WIT Press
Haemodynamics of Arterial Organs




Haemodynamics of Arterial Organs

Comparison of Computational Predictions with In Vitro and In Vivo Data

Edited By: X. Y. XU, Imperial College London, UK and M. W. COLLINS, South Bank University, UK

Price

$242.00 (free shipping)

ISBN

978-1-85312-509-6

Pages

288

Book Series Title

Advances in Computational Bioengineering

Book Series

1

Published

1999

Format

Hardback

"...a valuable reference...The focus of this book, namely comparisons of predictions with experimental data, is timely...recommended for individual scientists and engineers interested in cardiovascular medicine, science, and mechanics.”

 
APPLIED MECHANICS REVIEWS

 

Advances in computational fluid dynamics (CFD) and computer technology are allowing scientists to simulate blood flow in arterial organs with ever-increasing efficiency. However, as understanding of the biological complexity of the cardiovascular system grows, the possibilities of invalid applications of numerical models are also enhanced.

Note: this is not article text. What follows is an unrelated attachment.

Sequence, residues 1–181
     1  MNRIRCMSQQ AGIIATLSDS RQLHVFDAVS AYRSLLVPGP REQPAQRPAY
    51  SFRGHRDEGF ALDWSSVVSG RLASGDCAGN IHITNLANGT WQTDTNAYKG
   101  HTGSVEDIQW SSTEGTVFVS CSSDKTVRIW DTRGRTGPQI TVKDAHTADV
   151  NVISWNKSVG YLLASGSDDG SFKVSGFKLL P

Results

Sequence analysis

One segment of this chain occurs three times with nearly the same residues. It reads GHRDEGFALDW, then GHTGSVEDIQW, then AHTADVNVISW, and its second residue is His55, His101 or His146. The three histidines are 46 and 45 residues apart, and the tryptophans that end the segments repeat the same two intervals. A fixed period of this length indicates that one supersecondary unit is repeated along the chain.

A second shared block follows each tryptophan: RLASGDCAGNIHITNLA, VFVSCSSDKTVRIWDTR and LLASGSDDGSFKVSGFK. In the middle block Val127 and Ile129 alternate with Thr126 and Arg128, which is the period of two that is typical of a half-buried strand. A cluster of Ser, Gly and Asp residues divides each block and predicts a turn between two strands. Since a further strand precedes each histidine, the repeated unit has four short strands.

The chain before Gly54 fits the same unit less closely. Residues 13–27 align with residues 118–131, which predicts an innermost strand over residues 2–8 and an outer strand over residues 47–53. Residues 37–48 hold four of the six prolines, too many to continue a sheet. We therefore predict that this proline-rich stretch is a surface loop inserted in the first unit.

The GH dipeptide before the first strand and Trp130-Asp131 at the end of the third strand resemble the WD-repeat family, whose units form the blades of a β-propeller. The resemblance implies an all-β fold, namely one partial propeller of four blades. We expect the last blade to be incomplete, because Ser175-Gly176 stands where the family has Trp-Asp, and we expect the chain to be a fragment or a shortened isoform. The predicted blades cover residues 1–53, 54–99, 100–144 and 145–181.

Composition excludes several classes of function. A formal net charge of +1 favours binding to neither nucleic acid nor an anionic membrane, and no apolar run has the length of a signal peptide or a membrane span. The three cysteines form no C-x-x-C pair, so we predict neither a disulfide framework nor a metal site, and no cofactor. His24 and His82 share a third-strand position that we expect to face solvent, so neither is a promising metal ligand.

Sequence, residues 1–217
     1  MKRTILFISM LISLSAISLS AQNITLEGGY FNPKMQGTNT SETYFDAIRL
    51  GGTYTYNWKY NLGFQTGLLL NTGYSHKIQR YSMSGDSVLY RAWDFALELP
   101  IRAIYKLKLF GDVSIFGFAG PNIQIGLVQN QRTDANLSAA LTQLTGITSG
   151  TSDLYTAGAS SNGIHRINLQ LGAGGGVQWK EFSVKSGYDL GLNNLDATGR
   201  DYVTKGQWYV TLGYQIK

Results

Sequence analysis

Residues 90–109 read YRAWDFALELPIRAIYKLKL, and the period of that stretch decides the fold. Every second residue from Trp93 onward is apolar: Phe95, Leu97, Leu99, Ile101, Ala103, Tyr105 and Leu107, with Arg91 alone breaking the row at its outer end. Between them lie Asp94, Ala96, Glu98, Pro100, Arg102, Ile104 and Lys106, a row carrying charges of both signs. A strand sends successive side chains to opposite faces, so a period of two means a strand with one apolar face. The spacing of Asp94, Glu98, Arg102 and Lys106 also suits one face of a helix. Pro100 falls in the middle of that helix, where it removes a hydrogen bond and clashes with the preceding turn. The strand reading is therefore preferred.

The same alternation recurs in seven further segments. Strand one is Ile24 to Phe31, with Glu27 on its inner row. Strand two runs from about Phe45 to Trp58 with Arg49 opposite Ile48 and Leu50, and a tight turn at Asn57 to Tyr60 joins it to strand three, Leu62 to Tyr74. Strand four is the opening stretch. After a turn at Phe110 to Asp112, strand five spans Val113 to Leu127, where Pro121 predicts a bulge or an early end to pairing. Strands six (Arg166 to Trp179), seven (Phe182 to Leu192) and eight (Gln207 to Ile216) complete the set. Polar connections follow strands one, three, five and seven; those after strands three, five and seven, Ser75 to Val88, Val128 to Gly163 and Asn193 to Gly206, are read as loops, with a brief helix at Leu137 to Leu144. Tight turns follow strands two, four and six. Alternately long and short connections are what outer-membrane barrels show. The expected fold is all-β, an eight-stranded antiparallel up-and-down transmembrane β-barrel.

This book emphasises the importance of validating numerical predictions using in vitro and/or in vivo measurement data.

 

• Contains contributions from internationally acknowledged experts in the field.

 

•Reflects new developments in numerical simulation and experimental techniques for the study of haemodynamics in various arterial organs.

 

• Highlights comparisons of predictions with laboratory and/or clinical data acquired by means of the most advanced experimental and clinical measurement techniques.

Contents: Haemodynamics of the Reconstruction of Complex Cardiac Malformations; Mathematical Modelling of Flow Effects and Transport Processes in Arterial Bifurcation Models; Simulation of Time-Dependent Blood Flow Past Valve Prostheses; Comparisons between Computational Haemodynamics, Photochromic Dye Flow Visualisation and Magnetic Resonance Velocimetry; Simulation of Flow in Human Arterial Bifurcations using a Combination of CD and MRI Techniques; Flow Visualisation of Cardiovascular Models using the Dynamic Flow Birefringence Method.